If you wanted to travel around Britain in the 1940s it’s likely you would have been walking, cycling or travelling on public transport. And if you were a critical worker, delivering milk to doorsteps early mornings, then you might even still be relying on a horse-drawn cart.
The average distance people needed to travel to get to work was around five miles and a bare six percent of workers choose to get there in a car. The motor car was still an unaffordable luxury for many.
Take the Ford Anglia, for example. In 1950 it would have set you back around £310. And to give that figure some context, the average house price in 1950 was £1,940 – making a car purchase one sixth of the cost of a house. So, converting that in today’s terms, (with the average house price around £256,000) it would mean the cost of an average car was equivalent in value to around £42,000!
And if you were able to find the funds, then you’d have to rely on a whole of patience! While more than thirty British car manufacturers proudly showed off around fifty models of car at the Earls Court Motor Show in 1948, the majority were intended for other countries, with a wait of anything between a year and more than two years for British owners. But the interest in motoring was certainly increasing, with double the numbers of visitors attending the Motor Show that year than for previous years.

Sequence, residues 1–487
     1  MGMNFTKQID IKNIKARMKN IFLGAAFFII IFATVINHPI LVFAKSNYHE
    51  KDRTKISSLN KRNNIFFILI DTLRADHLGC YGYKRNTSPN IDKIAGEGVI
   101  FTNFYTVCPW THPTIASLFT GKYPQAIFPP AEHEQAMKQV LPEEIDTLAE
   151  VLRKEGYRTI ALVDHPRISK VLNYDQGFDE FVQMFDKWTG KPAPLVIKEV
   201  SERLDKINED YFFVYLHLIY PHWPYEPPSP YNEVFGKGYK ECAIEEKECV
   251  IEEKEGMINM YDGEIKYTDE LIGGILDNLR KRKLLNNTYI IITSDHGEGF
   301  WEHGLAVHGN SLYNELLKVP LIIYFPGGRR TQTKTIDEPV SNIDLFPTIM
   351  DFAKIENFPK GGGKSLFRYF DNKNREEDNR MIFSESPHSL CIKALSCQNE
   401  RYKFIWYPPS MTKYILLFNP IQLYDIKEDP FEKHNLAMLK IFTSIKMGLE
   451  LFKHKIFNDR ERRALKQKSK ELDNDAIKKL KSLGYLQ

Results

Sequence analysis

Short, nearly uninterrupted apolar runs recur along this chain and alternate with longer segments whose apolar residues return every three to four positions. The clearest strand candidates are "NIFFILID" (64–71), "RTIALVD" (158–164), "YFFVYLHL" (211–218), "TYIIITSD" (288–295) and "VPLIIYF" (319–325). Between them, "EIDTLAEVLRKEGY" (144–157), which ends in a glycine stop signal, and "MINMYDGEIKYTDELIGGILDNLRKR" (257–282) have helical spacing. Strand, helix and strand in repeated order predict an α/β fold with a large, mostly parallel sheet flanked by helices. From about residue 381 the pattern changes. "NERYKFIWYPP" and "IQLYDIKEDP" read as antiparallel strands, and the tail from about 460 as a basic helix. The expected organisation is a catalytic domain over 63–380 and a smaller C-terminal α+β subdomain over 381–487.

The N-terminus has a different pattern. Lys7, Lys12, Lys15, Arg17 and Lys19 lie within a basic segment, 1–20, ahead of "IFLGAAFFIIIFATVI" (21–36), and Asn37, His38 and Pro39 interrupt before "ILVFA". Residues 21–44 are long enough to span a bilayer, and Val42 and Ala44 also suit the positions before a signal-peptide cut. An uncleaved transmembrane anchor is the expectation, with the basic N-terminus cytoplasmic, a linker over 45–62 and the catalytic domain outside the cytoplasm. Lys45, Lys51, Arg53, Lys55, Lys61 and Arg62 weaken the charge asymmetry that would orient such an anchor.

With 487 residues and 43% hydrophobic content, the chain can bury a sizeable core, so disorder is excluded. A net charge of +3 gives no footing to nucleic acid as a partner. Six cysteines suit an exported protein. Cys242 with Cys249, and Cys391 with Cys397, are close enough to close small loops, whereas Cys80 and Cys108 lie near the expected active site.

But the car was still out of reach of most people. The UK population at the end of the 1940s was around fifty million, and yet there were barely two million cards on the road, nevertheless car production was seen as an major boon to the British economy. Soon after the Motor Show of 1948 a talk on the BBC Home Service included the claim:
‘Britain, perhaps just for the time being, is the greatest motor-car exporting nation in the world.’Austerity Britain by David Kynaston
The situation would remain the same for several years, with Britain responsible for fifty-two percent of world motor exports in 1950.
And while Britain’s rail network was beginning to struggle under the strain of under-investment, any plans for road improvements – which were soon to be desperately needed – were shelved. A ten-year national road plan, announced in 1946, was abandoned, perhaps due to the economic difficulties of a country landed with enormous post-war debt, and too many demands on a decreasing pot of money.
Of course, for anyone who could afford a car – and lucky enough to get their hands on one – then petrol rationing would continue to restrict their use of it. During the war years – from 1942 in fact – any private motoring was banned, with petrol restricted for essential workers and emergency services. Once the war ended petrol could be used for private use, but it continued to be rationed until 1950, with supplies restricted, allowing each motorist to travel no further than 180 miles in a month.
All in all, plenty of reasons for choosing ‘Shanks’ pony’ !